While a range of mechanisms might be adopted to make progress on Indigenous constitutional recognition, one of them should be a popularly elected constitutional convention or a citizens’ assembly. As the 1998 convention on the republic showed, such events are effective in raising the profile of an issue, generating awareness and improving public understanding. These forums are also well-suited to refining options and building consensus where there are multiple, complex proposals under consideration. And on an issue like Indigenous constitutional recognition, which encompasses difficult and emotional questions around racial discrimination, reconciliation and cultural identity, conventions and assemblies provide an impetus for national discussion and reflection that might not otherwise occur.
Such forums are becoming increasingly popular around the world – Iceland recently held a national assembly to help develop a new constitution, and Ireland is about to conduct a convention (with two-thirds of its membership randomly selected) to consider a suite of reforms including shortening the president’s term in office and reducing the voting age to seventeen. Closer to home, there is a good chance that the Northern Territory will hold a popularly elected convention on statehood in the near future.
A convention or assembly is also ideal in that it can be run in conjunction with other complementary activities. One option would be to have two sittings, and to use them to conduct further, targeted consultations with Indigenous communities to build on the work done by the expert panel. Deliberative forums could be held in local communities, as they were in 1997–98, and their recommendations fed into convention deliberations. The proceedings of a convention or assembly would also complement the excellent work that You Me Unity is currently doing, including through a small grants program that involves local communities in building awareness and support on Indigenous constitutional recognition.
On local government recognition, Labor has said that the new joint select parliamentary committee will inquire into and report on “financial recognition” by February 2013. This reform option, recommended by a majority of the expert panel, would involve amending the constitution to acknowledge the Commonwealth’s capacity to give funding directly to local government rather than having to channel it through the states. The joint committee has also been asked to assess the likelihood of success for a referendum on this topic.
The purpose of this initiative is not entirely clear, given that the expert panel reported on these very issues in December 2011 and presumably the joint committee will consult the very same stakeholders and experts. Perhaps the committee’s work will feed into discussions between the Commonwealth and the states, many of which are hostile to reform in this area. In any event, it is not apparent how it will help to generate the popular engagement that the issue is currently lacking.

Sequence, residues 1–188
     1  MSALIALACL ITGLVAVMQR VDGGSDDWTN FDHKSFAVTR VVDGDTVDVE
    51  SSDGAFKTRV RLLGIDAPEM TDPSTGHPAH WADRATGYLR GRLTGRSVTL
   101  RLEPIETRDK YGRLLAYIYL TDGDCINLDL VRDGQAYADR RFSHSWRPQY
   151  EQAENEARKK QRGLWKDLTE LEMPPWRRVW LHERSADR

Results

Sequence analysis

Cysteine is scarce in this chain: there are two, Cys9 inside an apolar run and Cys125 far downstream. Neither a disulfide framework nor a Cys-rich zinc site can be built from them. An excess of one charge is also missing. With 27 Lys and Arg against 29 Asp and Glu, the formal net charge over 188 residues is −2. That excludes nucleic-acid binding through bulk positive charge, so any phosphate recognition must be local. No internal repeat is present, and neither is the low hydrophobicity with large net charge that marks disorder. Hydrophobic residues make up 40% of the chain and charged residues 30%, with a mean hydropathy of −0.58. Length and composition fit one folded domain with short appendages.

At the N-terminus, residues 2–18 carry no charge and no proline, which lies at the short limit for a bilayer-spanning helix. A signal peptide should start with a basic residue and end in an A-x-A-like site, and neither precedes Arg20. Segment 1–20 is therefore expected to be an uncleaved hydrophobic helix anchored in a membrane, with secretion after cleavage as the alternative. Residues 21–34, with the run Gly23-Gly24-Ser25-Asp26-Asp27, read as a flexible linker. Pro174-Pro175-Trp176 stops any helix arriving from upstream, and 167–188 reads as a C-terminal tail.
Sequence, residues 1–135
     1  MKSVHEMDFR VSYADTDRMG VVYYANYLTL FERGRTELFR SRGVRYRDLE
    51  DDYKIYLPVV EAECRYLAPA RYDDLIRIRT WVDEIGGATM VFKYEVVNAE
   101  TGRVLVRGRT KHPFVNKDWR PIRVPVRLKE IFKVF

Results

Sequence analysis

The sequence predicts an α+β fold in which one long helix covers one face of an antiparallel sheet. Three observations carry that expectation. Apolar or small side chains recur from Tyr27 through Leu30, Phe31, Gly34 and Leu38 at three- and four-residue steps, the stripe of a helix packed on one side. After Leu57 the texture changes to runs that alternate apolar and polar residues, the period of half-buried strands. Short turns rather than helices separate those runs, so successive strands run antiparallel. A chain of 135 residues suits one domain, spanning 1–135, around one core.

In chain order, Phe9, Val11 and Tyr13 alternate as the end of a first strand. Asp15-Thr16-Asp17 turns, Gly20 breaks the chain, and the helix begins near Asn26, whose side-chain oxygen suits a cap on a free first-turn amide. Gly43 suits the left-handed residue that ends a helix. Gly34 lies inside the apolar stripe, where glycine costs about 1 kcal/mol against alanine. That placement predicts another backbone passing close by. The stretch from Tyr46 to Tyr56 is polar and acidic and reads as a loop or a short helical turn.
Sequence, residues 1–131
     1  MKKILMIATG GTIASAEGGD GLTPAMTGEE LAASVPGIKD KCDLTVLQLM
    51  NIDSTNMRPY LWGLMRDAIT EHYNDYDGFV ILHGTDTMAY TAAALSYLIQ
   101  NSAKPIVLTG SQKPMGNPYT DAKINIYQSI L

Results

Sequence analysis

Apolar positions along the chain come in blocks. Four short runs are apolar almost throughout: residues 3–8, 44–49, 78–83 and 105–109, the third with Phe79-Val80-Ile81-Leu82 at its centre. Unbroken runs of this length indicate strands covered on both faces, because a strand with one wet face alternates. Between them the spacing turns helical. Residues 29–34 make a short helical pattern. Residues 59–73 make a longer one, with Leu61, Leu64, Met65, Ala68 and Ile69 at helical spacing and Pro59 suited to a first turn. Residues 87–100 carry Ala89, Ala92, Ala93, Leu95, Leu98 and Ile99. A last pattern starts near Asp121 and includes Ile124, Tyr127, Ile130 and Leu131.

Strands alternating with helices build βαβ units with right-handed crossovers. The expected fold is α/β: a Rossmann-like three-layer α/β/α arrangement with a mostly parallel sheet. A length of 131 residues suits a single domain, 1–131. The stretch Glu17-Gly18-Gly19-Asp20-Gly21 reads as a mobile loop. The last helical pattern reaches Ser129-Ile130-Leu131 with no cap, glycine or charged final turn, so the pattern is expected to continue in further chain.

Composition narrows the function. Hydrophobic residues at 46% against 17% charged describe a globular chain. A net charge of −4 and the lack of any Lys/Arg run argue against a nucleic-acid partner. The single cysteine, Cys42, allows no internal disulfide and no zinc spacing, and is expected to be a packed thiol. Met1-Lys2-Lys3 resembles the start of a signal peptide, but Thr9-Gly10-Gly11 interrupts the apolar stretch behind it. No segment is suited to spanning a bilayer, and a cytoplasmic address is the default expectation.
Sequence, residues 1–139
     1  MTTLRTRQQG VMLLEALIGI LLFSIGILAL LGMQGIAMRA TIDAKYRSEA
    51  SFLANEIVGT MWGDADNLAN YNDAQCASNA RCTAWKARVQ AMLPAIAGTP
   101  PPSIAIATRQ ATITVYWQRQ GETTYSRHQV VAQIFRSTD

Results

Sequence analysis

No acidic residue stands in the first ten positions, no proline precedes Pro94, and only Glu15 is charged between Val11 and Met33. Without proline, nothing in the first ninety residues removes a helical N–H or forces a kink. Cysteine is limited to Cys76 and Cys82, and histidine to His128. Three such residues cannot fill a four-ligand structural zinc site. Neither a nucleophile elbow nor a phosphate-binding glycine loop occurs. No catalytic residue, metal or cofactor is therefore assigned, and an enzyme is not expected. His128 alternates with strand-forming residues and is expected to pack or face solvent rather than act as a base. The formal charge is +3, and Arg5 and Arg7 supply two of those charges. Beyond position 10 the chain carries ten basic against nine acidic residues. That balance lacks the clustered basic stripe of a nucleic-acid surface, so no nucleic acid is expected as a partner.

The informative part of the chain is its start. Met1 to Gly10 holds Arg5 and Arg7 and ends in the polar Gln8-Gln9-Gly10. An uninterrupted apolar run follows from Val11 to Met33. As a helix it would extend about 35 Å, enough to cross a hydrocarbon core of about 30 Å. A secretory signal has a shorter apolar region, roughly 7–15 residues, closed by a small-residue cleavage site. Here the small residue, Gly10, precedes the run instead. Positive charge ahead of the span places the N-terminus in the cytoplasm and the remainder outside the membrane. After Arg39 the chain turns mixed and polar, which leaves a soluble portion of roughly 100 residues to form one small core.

The committee could nonetheless help to address this challenge by giving priority to developing concrete strategies for raising public awareness and understanding. This will not be an easy task – unlike Indigenous recognition, questions about the funding of local government are highly technical and unlikely to generate broad interest. A constitutional convention or similar event may not be appropriate. Moreover, if the committee is of the view that the referendum should be held in 2013 then the timeframe for public engagement will be short.
Nonetheless, there is room for creative thinking. The committee is in a position to draw on expertise not only from constitutional lawyers and local councillors but also from educators and specialists in public engagement. It may be that the federal government could assist the Australian Local Government Association and local councils in promoting awareness and encouraging input on the issue at a local level.
There is a lot that still needs to be done to prepare for referendums on Indigenous recognition and local government recognition. Finding common ground across the party and federal–state divides will be a high priority, and essential to referendum success. But building a popular process that values public awareness and understanding, and input into the issues, is also critical to laying the foundation for a future poll. History tells us that this cannot be rushed. We must take full advantage of the time available and map out a strategy for countering disengagement and developing reform proposals capable of genuine popular acceptance. •
Paul Kildea is a lecturer in the Faculty of Law at the University of New South Wales, and Referendums Project Director at the Gilbert + Tobin Centre of Public Law.